This text provides a detail explanation regarding the elements of the fraud triangle. This is an excellent example of at least two of the elements of the fraud triangle.
CNN) -- A former official of a cabinet company that has laid off employees has been arrested on suspicion of embezzling $9.9 million from the company over seven years.
Annette Yeomans, who was chief financial officer for California-based Quality Woodworks, was arrested Wednesday after a yearlong investigation, according to the San Diego County Sheriff's Department.
Because of the embezzlement, the San Marcos, California, company was forced to lay off employees and restructure, police said. "She used these monies to gamble. She used them to remodel her home. She used them to buy expensive clothes, shoes, [including] a $4,000 pair of Italian shoes. She had more than 400 pairs of shoes in her closet," Sgt. Mark Varnau of the Sheriff's Department told CNN. "She had 160 high-end purses valued at $2,000 apiece."
Authorities started investigating Yeomans, 51, after her credit card company called Quality Woodworks, questioning the use of company checks to pay her credit card bills, police said.
"A sheriff's investigation revealed that on a weekly basis, Yeomans would spend $25,000 on her credit card and then pay off the balance the following Monday with company funds," according to a sheriff's department statement.
After the credit card company called, Quality Woodworks fired Yeomans and alerted police.
Yeomans had an attorney present when she turned herself in Wednesday, Varnau said, but he did not know the attorney's name. Attempts by CNN to locate and contact her attorney were unsuccessful on Sunday.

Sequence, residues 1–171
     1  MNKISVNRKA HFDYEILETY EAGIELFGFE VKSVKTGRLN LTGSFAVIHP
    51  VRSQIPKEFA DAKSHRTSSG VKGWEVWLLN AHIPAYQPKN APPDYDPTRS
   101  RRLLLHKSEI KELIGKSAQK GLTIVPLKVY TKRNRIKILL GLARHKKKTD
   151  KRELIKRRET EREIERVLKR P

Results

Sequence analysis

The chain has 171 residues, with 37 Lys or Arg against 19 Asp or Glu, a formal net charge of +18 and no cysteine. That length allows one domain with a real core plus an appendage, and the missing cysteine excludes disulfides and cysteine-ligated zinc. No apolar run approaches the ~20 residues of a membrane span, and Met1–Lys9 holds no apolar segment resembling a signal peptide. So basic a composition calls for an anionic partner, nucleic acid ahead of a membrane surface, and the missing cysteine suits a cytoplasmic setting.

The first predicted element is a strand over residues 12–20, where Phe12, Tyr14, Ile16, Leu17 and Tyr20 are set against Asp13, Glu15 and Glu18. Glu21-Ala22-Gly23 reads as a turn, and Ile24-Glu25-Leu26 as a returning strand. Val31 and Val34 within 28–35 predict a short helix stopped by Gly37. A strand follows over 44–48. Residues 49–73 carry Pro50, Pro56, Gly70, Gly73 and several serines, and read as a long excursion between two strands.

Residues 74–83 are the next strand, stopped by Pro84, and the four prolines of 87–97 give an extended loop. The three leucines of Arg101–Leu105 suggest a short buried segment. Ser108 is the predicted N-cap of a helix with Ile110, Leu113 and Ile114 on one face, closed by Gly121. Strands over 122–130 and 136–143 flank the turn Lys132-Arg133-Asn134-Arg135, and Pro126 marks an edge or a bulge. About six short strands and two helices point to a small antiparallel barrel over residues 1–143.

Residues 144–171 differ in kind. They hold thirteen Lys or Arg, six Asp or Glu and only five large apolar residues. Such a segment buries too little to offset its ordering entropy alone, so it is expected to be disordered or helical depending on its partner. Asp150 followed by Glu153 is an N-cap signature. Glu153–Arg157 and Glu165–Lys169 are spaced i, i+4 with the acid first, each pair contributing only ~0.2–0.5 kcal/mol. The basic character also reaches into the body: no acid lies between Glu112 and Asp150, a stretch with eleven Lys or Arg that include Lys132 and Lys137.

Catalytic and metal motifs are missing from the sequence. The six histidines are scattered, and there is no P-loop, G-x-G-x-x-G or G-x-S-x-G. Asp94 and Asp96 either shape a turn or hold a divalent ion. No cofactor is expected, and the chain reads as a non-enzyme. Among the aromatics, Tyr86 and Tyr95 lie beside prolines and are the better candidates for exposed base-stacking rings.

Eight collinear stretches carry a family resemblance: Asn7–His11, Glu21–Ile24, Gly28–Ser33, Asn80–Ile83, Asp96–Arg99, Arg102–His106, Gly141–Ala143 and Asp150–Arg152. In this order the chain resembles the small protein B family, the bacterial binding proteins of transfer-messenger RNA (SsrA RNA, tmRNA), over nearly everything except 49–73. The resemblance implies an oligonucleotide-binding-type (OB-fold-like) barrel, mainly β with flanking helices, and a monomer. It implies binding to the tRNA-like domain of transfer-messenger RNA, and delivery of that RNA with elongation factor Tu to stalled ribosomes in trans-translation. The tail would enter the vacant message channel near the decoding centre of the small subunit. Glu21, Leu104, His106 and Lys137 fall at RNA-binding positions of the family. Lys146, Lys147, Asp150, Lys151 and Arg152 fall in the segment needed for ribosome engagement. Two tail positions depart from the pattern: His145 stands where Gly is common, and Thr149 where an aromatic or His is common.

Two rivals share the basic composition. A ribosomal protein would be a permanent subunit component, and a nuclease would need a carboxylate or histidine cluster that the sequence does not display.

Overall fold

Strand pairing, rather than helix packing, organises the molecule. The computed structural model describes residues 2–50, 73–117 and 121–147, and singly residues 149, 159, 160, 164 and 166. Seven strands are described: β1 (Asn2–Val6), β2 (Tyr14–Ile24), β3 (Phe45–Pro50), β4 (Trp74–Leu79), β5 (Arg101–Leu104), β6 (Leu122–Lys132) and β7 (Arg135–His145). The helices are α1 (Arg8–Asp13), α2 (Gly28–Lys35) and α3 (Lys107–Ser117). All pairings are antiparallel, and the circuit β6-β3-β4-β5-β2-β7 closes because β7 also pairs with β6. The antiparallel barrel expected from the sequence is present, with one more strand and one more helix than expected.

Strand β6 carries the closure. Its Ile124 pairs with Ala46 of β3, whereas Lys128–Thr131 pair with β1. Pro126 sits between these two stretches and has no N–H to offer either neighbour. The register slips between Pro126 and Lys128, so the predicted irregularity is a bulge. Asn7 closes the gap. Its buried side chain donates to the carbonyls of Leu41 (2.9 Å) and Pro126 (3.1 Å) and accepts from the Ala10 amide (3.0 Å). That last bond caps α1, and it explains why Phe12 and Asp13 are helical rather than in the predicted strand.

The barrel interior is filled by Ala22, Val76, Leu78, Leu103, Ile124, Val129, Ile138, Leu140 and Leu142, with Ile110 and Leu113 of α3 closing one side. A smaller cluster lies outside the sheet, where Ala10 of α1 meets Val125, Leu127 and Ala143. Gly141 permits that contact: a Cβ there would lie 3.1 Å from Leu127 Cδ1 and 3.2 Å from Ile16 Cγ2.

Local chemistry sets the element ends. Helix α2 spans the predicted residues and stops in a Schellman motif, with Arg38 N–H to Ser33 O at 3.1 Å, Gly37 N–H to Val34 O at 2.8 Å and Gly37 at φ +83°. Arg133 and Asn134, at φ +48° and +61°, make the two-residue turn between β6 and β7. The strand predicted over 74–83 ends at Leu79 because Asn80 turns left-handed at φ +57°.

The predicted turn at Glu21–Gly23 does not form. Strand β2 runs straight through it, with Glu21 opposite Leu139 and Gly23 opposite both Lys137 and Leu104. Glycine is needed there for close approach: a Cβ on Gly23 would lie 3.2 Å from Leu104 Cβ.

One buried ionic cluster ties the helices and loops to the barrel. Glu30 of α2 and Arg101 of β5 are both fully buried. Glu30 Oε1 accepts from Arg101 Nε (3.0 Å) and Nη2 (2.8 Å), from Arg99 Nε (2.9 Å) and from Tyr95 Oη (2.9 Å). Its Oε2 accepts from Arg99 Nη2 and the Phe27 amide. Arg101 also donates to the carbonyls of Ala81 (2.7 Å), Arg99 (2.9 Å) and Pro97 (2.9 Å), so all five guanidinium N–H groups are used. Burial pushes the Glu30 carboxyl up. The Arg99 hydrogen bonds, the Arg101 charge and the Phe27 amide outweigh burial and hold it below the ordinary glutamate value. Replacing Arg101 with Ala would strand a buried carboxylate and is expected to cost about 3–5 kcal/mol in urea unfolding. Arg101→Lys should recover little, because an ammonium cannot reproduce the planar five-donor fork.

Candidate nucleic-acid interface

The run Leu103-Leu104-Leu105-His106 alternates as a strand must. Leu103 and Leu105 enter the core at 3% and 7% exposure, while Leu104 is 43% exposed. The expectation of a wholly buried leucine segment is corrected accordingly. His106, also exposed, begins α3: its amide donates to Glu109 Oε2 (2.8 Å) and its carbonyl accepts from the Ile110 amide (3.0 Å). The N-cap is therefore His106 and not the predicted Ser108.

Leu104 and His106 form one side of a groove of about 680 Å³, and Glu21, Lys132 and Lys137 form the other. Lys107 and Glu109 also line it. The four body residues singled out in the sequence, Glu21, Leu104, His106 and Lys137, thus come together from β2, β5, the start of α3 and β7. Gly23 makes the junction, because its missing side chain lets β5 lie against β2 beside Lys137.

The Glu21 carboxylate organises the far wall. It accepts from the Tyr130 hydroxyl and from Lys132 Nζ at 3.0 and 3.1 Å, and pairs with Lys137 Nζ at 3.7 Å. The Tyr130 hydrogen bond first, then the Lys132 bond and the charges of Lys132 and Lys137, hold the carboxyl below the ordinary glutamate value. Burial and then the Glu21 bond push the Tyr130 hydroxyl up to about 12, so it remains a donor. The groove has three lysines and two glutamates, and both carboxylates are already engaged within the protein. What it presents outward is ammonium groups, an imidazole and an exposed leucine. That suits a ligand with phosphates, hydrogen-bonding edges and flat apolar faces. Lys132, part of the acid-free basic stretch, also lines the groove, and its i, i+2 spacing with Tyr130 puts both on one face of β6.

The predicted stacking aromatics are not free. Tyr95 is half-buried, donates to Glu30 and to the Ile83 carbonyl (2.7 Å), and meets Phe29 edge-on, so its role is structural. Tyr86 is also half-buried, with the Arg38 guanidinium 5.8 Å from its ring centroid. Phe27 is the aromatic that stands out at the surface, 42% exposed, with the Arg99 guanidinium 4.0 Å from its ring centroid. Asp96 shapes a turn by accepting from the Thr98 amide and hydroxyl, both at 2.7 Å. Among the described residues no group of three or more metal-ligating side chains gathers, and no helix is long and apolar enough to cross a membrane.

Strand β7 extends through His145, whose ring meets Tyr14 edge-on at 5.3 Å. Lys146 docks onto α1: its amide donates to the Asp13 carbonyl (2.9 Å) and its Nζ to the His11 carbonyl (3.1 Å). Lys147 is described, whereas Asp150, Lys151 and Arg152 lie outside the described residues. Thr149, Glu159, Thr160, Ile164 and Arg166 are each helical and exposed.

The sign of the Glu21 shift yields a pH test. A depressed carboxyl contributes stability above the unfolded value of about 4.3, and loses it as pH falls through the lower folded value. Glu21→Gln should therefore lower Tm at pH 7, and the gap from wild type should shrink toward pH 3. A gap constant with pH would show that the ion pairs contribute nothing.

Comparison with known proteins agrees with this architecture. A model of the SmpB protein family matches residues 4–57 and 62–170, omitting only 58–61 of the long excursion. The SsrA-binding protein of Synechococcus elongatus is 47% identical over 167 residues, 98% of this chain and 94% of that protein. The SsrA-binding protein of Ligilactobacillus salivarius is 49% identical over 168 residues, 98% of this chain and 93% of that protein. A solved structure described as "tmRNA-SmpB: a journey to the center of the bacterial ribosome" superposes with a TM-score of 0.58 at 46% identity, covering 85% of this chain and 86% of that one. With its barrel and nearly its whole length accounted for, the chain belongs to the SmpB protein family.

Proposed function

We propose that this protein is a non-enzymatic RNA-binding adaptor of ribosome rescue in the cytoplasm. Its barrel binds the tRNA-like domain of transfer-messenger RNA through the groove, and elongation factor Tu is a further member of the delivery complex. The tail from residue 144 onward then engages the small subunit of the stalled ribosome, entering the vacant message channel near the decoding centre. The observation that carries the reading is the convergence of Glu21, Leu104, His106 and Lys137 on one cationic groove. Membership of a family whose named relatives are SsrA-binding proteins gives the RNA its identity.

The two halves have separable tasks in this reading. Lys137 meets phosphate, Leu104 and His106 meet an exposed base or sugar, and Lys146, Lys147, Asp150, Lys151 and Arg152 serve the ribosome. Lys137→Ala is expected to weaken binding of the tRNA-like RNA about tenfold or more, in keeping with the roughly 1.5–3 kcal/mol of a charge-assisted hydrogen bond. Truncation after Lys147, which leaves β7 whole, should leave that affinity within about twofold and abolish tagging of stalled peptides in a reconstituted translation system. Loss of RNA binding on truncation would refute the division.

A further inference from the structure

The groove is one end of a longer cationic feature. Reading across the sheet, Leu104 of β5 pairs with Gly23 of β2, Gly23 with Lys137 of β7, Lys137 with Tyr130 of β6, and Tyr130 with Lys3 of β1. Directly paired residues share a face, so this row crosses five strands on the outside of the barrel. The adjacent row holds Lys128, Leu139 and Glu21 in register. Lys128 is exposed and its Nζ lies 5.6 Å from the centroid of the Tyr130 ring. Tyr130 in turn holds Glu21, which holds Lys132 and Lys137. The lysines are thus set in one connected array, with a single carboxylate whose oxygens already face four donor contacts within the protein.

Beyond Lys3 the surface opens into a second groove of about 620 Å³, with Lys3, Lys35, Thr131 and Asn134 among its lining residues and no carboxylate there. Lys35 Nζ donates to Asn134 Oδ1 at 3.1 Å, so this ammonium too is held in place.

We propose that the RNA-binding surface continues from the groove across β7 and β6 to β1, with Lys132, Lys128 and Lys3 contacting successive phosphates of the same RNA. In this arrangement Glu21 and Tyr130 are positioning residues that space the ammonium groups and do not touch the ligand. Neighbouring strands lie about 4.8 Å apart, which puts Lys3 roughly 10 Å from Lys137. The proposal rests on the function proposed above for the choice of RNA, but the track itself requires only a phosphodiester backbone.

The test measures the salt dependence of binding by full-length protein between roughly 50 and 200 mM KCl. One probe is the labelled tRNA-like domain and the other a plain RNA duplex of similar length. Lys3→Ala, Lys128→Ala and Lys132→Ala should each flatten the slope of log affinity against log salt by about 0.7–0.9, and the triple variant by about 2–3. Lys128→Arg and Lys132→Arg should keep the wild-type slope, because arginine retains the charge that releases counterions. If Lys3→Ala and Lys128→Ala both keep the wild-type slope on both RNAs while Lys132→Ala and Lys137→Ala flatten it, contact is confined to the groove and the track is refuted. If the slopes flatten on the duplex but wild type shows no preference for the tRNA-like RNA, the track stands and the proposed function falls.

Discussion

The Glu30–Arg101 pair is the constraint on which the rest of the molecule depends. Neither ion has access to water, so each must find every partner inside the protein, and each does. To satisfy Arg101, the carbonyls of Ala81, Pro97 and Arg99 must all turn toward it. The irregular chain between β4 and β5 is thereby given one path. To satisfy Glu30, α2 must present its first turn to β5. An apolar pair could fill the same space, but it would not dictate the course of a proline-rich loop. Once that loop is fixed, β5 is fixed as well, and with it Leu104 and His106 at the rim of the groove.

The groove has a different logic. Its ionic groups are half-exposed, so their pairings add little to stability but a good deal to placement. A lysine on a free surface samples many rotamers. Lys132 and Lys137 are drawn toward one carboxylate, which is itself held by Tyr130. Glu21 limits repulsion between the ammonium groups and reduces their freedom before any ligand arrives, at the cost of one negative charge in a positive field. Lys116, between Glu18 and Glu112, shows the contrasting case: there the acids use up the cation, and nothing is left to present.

An investigation revealed that Yeomans spent nearly $25,000 to convert a bedroom in her home into a closet, featuring high-end cabinetry with granite countertops, a crystal chandelier and a 32-inch plasma television, according to Varnau. The 400 pairs of shoes were valued, on average, at $600 each, the sheriff's department said in the statement.
Yeomans is believed to have gambled away $6 million, Varnau said.
Yeomans' husband, who also worked at Quality Woodworks, is not suspected of involvement, he said.
"As far as we can tell, he was not aware of what she was doing," Varnau said. Her husband is a cabinet installer, he said, and "they certainly weren't working at the same level in the company."
"I think he just simply believed that she made a good wage and that she received bonuses and was being compensated well for the work that she did," Varnau said.
Yeomans reached an agreement with Quality Woodworks and turned over her possessions to the company so it could recoup some of the losses, Varnau told CNN.
"She lost her home, her cars, her clothes, every identifiable asset to try to pay back the company for the loss, and now she's facing prosecution," he said.
He estimated the company would be able to recover about $2 million.
Yeomans faces charges of grand theft and embezzlement, and is jailed with bail set at $10 million, said Varnau, who added that is one of the largest bail amounts he has seen.
Yeomans is believed to be a flight risk, he said, and "we're not completely satisfied we've identified all her assets."
In your opinion how could this go undetected for so long?
This is a perfect example of owners who are not involved enough in the company's operations. I believe that the CFO probably misclassified the costs as materials, labor, or other components of the cost of sales accounts in the financial records. The owners probably had an idea of what their ...
This solution discusses internal controls which were not in place to catch an embezzlement by a corporate officer.